Native-Student Group Pushes Federal Policy Recommendations

By Diette Courrégé Casey — November 26, 2012 1 min read
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The Native Indian Education Association, which represents a significantly rural population, released last week a series of new recommendations aimed at strengthening the federal government’s commitment to Native American children.

Those included:
— Support the Native CLASS Act, which the association says would grant tribes and their education departments status as state education agencies, encourage partnerships between states and tribes, and invest in Native language programs.
— Re-establish the Executive Order on Tribal Colleges and Universities, which the association says would help tribal colleges and universities and their students improve access to and equity in higher education.
— Reaffirm and acknowledge the department’s federal trust responsibility, which the association says would lead to “meaningful inclusion” of tribes as key stakeholders in the education of their citizens.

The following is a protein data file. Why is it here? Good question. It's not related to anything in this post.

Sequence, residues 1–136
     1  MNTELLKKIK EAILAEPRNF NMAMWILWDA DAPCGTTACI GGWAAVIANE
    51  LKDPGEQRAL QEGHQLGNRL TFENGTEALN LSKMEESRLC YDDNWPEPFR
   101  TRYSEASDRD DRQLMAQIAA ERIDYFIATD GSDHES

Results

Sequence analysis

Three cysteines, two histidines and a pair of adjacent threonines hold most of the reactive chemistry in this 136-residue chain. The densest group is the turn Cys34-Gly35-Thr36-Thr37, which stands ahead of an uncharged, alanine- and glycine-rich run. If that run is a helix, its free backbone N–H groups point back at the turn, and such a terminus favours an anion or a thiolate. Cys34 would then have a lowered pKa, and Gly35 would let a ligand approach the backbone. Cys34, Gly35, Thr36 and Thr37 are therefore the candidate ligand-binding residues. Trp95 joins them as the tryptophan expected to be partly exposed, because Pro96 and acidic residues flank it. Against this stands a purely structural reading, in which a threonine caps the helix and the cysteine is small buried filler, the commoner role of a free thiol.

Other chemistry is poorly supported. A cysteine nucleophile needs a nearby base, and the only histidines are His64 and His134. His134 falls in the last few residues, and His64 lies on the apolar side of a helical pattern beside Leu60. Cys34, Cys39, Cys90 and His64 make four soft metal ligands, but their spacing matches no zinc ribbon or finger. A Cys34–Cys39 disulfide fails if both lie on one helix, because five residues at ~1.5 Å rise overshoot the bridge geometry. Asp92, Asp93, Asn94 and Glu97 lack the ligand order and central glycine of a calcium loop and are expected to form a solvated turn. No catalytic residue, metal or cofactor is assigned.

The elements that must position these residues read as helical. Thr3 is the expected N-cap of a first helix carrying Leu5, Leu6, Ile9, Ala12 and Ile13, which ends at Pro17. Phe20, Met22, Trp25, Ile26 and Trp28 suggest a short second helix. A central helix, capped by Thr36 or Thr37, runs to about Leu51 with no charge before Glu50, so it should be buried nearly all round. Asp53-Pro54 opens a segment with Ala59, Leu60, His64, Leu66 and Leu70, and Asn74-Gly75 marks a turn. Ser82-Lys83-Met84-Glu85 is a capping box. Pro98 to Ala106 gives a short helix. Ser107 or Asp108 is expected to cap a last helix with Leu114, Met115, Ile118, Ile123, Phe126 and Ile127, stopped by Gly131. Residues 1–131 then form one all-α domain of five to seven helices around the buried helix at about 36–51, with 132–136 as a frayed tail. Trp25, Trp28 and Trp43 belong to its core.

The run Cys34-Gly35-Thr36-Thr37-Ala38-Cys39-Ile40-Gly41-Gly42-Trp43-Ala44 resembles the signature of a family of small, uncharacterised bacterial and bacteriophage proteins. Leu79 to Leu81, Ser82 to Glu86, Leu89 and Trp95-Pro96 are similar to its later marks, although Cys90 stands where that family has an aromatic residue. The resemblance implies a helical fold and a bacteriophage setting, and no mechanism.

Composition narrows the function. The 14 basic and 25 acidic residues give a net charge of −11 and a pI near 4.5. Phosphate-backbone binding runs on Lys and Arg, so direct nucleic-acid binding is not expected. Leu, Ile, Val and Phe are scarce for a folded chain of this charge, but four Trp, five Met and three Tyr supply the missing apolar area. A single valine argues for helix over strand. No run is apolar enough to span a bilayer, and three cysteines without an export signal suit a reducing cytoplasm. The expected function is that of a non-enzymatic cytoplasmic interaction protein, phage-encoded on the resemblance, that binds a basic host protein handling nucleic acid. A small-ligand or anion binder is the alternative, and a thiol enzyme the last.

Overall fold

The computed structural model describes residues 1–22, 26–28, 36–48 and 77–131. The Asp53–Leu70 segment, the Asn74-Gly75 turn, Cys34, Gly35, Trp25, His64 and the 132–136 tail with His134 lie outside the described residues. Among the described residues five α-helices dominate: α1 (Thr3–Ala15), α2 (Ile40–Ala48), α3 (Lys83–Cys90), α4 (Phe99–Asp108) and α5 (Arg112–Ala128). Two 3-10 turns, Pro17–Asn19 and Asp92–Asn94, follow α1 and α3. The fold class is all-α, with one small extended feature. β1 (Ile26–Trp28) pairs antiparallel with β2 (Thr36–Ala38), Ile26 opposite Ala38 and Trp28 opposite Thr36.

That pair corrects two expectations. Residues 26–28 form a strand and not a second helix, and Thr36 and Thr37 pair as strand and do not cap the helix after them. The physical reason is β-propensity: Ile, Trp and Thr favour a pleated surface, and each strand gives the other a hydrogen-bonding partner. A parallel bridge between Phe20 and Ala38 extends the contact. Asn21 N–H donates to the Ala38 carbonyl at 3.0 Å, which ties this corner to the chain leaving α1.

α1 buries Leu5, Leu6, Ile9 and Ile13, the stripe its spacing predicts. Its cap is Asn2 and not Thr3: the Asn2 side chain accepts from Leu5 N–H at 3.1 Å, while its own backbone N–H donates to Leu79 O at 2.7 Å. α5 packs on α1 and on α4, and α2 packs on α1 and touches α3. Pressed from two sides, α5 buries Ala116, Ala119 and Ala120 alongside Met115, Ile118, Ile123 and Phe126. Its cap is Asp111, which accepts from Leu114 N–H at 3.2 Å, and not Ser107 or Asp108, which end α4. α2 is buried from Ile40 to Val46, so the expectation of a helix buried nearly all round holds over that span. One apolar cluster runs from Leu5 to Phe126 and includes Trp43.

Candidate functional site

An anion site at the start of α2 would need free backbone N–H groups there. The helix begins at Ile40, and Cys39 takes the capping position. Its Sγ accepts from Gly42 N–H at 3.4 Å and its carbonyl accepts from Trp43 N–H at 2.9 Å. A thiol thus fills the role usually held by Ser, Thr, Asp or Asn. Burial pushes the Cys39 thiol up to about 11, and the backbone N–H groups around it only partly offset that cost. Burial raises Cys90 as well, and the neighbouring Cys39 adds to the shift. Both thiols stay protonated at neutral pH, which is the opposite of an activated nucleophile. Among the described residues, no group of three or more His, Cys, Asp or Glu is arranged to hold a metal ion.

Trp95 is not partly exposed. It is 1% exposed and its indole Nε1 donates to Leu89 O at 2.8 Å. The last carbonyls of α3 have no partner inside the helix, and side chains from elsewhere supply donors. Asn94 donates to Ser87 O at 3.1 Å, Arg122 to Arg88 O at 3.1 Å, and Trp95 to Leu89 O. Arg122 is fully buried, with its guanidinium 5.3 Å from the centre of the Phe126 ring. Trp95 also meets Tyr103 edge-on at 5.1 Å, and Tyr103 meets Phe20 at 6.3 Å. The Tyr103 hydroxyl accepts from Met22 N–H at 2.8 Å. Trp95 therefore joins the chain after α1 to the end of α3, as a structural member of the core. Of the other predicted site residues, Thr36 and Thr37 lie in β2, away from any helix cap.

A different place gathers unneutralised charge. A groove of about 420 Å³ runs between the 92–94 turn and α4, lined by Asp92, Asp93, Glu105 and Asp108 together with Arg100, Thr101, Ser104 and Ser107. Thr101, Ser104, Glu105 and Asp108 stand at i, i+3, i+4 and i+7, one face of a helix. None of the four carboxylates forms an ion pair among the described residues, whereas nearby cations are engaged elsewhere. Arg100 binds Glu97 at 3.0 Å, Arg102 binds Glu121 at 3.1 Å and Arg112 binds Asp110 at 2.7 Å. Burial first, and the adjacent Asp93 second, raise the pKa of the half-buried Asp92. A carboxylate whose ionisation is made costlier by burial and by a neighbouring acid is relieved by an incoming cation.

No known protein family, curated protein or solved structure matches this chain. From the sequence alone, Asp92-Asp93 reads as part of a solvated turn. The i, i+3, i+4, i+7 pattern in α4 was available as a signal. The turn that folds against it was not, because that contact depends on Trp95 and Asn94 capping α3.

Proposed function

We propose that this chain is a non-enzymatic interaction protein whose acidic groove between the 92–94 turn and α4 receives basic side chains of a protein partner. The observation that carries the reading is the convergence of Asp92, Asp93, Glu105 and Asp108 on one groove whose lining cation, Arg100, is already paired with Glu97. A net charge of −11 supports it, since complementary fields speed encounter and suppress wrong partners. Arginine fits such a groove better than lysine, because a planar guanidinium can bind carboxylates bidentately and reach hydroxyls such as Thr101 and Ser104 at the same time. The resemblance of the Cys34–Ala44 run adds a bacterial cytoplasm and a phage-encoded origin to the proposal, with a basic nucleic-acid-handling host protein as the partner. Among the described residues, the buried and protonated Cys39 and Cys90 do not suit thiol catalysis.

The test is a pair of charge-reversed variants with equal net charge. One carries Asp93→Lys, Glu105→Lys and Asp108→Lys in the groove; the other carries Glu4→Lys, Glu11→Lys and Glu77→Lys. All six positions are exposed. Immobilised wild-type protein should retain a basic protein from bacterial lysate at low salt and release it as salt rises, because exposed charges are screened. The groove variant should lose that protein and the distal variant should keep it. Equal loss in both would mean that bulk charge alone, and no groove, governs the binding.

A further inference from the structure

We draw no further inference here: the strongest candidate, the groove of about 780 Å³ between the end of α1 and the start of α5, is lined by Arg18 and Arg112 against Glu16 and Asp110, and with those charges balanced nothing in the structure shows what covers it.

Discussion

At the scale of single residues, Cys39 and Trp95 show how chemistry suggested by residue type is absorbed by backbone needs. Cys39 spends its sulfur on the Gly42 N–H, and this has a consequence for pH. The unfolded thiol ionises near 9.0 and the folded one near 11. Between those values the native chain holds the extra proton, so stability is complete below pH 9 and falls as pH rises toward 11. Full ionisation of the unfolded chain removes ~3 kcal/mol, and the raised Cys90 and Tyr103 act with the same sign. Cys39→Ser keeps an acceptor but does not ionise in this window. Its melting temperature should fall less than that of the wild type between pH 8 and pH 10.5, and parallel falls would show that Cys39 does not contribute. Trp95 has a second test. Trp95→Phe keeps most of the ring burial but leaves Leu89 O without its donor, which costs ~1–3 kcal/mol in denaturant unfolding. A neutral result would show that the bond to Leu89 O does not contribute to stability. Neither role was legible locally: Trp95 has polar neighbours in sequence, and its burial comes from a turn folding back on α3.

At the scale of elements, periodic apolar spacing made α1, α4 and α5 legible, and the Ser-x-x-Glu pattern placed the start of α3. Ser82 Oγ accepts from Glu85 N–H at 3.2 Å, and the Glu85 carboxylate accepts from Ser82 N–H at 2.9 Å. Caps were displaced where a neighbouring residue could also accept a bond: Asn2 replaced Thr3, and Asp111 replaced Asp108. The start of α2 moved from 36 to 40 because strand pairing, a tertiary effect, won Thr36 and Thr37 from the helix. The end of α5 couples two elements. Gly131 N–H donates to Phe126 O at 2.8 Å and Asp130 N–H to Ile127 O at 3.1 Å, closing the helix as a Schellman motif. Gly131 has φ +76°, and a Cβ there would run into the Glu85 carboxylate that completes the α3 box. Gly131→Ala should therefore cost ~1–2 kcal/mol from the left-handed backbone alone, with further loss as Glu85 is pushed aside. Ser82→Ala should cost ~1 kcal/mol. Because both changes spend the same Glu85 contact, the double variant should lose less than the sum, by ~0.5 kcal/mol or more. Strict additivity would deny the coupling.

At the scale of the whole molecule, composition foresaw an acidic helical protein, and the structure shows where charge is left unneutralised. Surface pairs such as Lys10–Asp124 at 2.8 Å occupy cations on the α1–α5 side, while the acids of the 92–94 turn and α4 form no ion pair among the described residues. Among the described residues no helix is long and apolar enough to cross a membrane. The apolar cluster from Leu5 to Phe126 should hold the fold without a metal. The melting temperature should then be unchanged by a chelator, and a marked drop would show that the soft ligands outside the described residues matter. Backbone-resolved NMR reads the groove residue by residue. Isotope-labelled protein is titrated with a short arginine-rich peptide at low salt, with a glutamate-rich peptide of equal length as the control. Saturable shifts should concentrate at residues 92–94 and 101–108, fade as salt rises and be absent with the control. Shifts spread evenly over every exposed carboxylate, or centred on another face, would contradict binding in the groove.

“Native education is in a state of emergency, and the federal government needs to take immediate action to ensure that Native students grow into engaged, productive citizens of both their tribes and the nation as a whole,” according to the recommendations.

The recommendations follow the Obama administration’s recent announcement of its Fourth Annual White House Tribal Nations Conference on Dec. 5. The conference will give leaders from the 566 federally recognized tribes the opportunity to interact directly with the president and administration officials.

The recommendations also come as the president is shaping his education agenda for the next four years. For more information, check out the new website launched by the White House Initiative on American Indian and Alaska Native Education that details its efforts to improve Native education.

A version of this news article first appeared in the Rural Education blog.